Fat Shark manages to fly a drone from 1,200 miles away

Fat Shark fly drone 1200 miles

Thanks to a new partnership with Skypersonic UAV, Fat Shark has managed to fly a drone from 1,200 miles away with minimal lag. The system uses custom-developed hardware and software from Skypersonic and Fat Shark’s Shark Byte system.

Rotor Riot released a video a few days ago of one of its pilots flying a drone from Florida to Michigan, approximately 1,200 miles. The tech to make this possible is Skypersonic UAV, which has developed a platform that allows pilots to control FPV drones from anywhere in the world.

In the video, there was a pilot in Florida, while the drone was all the way in Michigan. The drone was using Fat Shark’s Shark Byte system for video and the company’s remote pilot tech.

Jeff Thompson, CEO of Red Cat, the company that owns Fat Shark and Rotor Riot, said:

The ability to control the flight of a drone from thousands of miles away should accelerate the commercial adoption of drone technology, expand the number of business services that can be provided by drones, and lower travel and training costs for companies deploying drones. The combination of our recently launched Shark Byte digital system and Skypersonic’s patent pending software platform provides video resolution that will enable pilots to navigate more safely and execute commercial flights that were not possible with an analog system.

Using a special computer program, the pilot could connect a drone controller, have it automatically detected, and connect to the drone 1,200 miles away. To make this possible, the drone’s signal is sent to Skypersonic’s server in Europe, sending it back to the pilot and vice versa.

Once in the air, you could see that the drone was controlled without any issues. The pilot was able to get a feel for the drone and move it around. There is some lag, which is expected from a system like this. That being said, the applications for this kind of platform don’t require amazing latency anyway.

Giuseppe Santangelo, founder and CEO of Skypersonic, added:

We are upgrading our entire fleet to the new Shark Byte digital system. Global customers like Exelon rely on our drones to safely reach places that are difficult expensive and dangerous to inspect by manned teams. Shark Byte’s low-latency high-definition video, a significant advance from prior analog systems, will enable our customers to take their inspections and security applications to a higher level of performance and safety.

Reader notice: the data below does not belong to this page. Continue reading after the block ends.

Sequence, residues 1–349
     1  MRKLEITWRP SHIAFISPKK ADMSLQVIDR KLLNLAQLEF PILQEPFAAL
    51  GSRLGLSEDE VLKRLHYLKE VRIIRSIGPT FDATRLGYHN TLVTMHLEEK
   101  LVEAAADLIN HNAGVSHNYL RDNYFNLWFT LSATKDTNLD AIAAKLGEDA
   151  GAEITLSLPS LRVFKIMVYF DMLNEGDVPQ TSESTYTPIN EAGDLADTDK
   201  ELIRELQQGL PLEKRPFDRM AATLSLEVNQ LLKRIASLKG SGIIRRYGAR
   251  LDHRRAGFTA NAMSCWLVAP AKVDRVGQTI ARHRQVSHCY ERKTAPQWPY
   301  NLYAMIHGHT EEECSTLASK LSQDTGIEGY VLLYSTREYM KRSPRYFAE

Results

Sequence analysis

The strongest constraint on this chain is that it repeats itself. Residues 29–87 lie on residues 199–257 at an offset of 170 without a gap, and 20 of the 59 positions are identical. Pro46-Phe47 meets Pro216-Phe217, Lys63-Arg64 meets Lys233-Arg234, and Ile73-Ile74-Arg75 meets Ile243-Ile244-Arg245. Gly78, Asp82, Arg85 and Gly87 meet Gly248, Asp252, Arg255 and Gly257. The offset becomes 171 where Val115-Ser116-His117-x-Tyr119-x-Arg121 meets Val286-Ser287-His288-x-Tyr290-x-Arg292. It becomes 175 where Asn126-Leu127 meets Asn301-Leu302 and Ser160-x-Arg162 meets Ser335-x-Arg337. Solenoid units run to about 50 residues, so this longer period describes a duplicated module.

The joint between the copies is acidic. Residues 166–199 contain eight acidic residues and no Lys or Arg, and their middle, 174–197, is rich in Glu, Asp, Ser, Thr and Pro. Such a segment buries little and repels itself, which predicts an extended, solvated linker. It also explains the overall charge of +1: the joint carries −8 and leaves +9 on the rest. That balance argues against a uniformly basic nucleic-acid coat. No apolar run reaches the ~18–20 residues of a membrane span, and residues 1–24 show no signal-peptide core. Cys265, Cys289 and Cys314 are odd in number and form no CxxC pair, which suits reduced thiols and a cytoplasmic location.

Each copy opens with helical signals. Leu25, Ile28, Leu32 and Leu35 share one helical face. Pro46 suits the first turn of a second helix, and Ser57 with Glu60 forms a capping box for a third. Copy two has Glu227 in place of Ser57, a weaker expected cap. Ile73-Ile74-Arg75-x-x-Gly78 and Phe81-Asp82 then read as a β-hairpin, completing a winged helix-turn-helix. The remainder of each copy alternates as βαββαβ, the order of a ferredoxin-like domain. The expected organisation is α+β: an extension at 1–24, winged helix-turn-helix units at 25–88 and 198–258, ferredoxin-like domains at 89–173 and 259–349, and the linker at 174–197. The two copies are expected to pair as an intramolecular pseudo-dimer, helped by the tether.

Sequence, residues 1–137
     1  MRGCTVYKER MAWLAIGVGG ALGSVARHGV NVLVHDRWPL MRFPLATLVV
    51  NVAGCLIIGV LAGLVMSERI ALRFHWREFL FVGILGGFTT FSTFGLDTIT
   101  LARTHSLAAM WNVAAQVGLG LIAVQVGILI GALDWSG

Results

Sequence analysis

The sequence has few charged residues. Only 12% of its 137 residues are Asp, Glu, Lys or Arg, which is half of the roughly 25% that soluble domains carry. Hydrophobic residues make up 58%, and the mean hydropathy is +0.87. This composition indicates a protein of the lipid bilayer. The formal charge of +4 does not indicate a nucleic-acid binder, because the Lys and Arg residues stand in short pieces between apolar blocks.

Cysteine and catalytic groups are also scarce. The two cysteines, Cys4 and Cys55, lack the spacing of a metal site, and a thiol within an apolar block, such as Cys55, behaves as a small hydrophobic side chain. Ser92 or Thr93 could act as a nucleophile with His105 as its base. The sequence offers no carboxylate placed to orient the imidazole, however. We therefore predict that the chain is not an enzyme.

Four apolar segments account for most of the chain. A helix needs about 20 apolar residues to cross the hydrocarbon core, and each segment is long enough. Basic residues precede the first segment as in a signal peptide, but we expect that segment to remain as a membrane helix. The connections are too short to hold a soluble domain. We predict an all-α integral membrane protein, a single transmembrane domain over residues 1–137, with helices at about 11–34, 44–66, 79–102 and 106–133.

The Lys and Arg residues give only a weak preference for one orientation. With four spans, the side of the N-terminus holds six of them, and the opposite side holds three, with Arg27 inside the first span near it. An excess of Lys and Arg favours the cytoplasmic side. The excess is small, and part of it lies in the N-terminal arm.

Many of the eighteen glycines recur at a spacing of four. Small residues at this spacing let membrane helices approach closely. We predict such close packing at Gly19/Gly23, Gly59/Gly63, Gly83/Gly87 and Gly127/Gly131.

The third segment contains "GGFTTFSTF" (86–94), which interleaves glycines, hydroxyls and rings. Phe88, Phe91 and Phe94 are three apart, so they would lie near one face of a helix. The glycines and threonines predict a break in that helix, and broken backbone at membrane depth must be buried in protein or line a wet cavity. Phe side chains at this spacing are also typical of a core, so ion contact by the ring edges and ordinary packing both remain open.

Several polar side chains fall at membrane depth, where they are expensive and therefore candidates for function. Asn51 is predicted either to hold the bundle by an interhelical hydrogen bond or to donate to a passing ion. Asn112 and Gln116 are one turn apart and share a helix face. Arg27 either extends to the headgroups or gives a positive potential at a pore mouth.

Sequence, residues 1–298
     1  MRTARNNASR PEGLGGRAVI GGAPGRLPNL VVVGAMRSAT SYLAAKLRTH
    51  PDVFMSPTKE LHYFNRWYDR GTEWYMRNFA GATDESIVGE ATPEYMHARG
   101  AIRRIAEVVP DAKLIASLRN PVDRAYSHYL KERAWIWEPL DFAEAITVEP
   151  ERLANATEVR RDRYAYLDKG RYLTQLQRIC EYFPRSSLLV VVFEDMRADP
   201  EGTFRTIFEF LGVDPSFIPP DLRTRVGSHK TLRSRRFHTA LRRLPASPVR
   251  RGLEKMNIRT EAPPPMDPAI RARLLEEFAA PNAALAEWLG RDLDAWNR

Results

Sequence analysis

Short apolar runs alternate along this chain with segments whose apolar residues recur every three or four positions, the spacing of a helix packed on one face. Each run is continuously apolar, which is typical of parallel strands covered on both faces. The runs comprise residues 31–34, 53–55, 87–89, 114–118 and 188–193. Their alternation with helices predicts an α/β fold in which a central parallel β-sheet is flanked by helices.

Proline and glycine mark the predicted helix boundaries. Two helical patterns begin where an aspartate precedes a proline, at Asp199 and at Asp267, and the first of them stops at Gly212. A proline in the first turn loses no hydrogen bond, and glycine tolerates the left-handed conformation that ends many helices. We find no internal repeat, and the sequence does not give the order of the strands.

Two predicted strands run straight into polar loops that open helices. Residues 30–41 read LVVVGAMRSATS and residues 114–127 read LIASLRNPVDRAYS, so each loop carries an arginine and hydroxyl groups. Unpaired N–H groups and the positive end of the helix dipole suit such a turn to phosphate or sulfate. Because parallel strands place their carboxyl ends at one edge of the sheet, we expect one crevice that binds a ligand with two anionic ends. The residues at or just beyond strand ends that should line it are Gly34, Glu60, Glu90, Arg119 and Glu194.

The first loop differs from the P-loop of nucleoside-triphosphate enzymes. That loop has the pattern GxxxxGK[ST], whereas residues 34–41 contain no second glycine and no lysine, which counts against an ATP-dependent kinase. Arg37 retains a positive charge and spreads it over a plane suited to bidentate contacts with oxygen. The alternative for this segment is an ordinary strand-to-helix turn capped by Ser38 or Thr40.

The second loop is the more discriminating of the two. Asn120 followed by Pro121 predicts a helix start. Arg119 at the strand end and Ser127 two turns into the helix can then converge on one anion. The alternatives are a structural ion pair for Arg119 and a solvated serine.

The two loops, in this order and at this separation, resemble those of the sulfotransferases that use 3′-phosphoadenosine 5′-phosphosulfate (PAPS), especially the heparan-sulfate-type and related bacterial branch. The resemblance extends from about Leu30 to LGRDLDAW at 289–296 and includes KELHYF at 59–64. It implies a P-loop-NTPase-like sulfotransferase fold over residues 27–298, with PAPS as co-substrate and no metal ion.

This combination of technology from both companies is perfect for situations that might be too dangerous for a drone pilot to be in. The area might unstable or hazardous to humans, making it perfect for someone to be as far away as possible.

Another use case could be for companies with drones around the US and pilots in one control center. This would allow the pilots to access and control the drone without needing to travel to the specific location, which cuts down on costs and time needed to complete a job.

The Shark Byte system offers users near-zero latency while providing them with a 720p 60 fps video feed when paired with Fat Shark’s goggles. Up to eight pilots can be flying in the vicinity, making it a great choice to use on the race track and in the backyard. The goggles can also be used alongside analog systems without any issues.

The digital system mounts to existing Fat Shark goggles and allows them to be used in the new digital and older analog modes. The digital module comes with a battery in the box but can be used with 3S to 4S batteries for longer flying days.

To work with the new digital system, FPV camera maker RunCam has developed its new RunCam Racer HD – a 14 x 14 mm camera that is perfect for the smallest to the largest of builds. The transmitter has also been reduced in size to fit the standard 20 x 20 mm mounting holes and has been upped to 500mW for increased range and a cleaner signal.

Photo: Rotor Riot

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